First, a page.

In many cases, the standard of care for public and private entities is applied to directors and officers of nonprofit organizations. Therefore, selection of individuals to serve on the board is critical at any stage of the organization's existence. Here's advice for nonprofits on how they can pick their board members:
Size: More is not necessarily better. Nonprofits should seek management and financial experts who can help achieve goals and objectives with a balance of diversity, business expertise and independence.
Independence: Nonprofits should seek individuals who will provide independent advice, have no conflicts of interest, and will make decisions that are in the best interests of the organization and its members. Ideally, the majority of the directors should be from outside the organization.
Education: Each board member must have an understanding of the environment in which the entity operates, as well as the laws and regulations that apply to operations. The education of board members should be an ongoing process, along with a review of the laws governing the activities of directors. That review should include anti-trust activities, intellectual-property protection, employment practices, pollution, fraud and governmental contracts.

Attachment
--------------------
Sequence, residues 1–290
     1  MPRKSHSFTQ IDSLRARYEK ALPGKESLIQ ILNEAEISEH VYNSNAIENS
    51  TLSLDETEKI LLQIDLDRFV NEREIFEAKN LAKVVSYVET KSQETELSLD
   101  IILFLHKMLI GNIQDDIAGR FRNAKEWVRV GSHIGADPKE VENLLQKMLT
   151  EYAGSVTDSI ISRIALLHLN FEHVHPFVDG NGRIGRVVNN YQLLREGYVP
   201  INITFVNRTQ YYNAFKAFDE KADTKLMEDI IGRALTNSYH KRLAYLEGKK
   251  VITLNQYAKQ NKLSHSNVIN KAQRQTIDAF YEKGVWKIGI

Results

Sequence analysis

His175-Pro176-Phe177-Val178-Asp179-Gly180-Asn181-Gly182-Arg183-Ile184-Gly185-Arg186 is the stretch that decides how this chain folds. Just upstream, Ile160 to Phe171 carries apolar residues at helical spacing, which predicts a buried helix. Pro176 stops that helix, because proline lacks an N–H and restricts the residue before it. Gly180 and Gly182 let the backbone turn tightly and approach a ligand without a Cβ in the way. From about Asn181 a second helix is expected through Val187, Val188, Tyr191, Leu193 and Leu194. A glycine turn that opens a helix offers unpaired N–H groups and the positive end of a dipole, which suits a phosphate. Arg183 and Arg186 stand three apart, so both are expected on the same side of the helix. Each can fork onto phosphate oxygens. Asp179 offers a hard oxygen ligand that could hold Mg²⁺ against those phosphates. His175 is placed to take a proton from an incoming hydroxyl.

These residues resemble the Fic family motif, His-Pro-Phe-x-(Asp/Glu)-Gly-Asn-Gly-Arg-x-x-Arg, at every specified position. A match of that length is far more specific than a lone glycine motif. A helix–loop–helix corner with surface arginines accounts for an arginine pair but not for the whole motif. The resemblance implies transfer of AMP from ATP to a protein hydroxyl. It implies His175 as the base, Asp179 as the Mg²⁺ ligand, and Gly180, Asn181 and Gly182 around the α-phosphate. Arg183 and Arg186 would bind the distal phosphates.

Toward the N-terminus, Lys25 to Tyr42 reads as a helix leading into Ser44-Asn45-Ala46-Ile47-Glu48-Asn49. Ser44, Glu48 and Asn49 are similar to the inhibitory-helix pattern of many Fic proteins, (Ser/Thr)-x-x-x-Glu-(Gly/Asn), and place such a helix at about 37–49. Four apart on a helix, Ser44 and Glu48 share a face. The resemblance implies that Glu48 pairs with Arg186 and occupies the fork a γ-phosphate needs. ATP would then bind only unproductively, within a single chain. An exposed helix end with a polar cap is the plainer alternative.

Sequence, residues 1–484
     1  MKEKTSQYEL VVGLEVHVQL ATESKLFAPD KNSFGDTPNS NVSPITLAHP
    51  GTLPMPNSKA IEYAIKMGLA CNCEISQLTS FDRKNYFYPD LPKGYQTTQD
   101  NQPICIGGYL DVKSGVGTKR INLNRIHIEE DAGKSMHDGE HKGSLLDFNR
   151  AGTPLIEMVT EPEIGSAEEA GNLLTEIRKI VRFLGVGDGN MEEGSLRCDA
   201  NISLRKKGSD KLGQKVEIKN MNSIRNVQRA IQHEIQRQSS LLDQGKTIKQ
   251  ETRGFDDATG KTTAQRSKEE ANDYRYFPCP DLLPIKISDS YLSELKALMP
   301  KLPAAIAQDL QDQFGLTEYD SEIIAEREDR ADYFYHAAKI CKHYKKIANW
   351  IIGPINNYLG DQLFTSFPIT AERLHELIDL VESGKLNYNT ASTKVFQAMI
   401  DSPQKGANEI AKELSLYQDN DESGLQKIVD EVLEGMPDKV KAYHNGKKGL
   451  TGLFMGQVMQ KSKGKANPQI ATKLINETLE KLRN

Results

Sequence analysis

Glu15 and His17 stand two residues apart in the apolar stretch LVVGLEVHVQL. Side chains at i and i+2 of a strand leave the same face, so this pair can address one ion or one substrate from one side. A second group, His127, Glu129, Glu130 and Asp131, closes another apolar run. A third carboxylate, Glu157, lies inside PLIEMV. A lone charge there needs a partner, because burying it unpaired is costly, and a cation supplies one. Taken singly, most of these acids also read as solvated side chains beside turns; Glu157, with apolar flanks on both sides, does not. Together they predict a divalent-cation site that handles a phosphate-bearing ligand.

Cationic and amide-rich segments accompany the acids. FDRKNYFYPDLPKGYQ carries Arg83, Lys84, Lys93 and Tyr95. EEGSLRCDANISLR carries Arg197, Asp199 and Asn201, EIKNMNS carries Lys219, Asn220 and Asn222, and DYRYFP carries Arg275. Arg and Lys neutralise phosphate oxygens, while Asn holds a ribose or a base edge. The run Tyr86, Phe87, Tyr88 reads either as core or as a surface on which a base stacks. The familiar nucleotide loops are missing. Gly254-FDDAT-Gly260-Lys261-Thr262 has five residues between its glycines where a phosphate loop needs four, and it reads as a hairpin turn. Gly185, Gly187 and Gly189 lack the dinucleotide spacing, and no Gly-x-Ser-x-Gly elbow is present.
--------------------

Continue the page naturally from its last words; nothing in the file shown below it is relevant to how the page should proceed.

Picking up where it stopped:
Bylaws and Procedures: Review the corporate charter and bylaws so they adequately define the purpose and scope of the organization. Particular attention should be paid to the indemnification provisions--they are one measure to protect the directors and officers personally and attract quality members to the board.
Guidance and Advice: Guidance in developing or revising the bylaws should be sought ideally from outside counsel, along with advice on sound risk management practices, to ensure the most protection for those serving on boards.
November 1, 2006
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